“who do not lend money at interest, and do not take a bribe against the innocent. Those who do these things shall never be moved.” vs. 5
The psalmist was familiar with the Law and its regulations against lending money at interest. For the Israelites the reason was obvious. Anyone who asked to borrow money was in need, and it was just plain wrong to make money because of another person’s misfortune. As things have evolved such a notion seems absurd, even laughable. We’ve gotten used to the notion of charging interest–even the Church has dropped its restrictions against usury–and whole segments of the financial industry would go out of business if biblical laws were put into effect. A part of this change has occurred because people have learned that borrowing money is faster than saving if we’re interested in adding to our possessions. And it’s not only the needy folks who are doing the borrowing! We want to get what we want as soon as we can–and every day we’re bombarded by commercials encouraging us to do just that. As a result, too many of us have ended up hopelessly in debt. The psalmist reminds us that this isn’t just a financial issue, it’s a spiritual one. Whether we’re burdening the poor and needy with excessive debt or squandering our future on short-term gain, we’re dealing with greed and messing with our relationship to God. As Jesus said, “What will it profit us if we gain the whole world, yet forfeit our souls.”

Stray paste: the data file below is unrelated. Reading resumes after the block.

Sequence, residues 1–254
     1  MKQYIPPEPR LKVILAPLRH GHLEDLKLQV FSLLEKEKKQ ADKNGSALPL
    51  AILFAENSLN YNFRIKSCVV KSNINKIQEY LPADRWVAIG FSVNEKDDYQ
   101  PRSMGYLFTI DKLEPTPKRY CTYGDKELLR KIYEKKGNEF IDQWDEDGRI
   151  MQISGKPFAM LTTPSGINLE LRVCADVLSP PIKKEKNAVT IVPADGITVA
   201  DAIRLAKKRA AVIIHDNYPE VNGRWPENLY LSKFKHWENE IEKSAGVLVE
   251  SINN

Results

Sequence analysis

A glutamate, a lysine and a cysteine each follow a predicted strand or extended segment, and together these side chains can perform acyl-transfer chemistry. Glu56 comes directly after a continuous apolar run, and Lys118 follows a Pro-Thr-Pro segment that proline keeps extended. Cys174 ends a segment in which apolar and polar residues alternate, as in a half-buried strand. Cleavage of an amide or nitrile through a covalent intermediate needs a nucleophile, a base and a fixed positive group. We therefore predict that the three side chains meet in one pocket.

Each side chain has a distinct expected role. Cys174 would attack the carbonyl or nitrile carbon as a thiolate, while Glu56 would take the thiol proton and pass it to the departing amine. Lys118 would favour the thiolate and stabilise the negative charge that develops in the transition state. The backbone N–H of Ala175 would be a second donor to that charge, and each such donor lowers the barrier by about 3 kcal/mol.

Thought for the Day: When is it necessary to borrow money?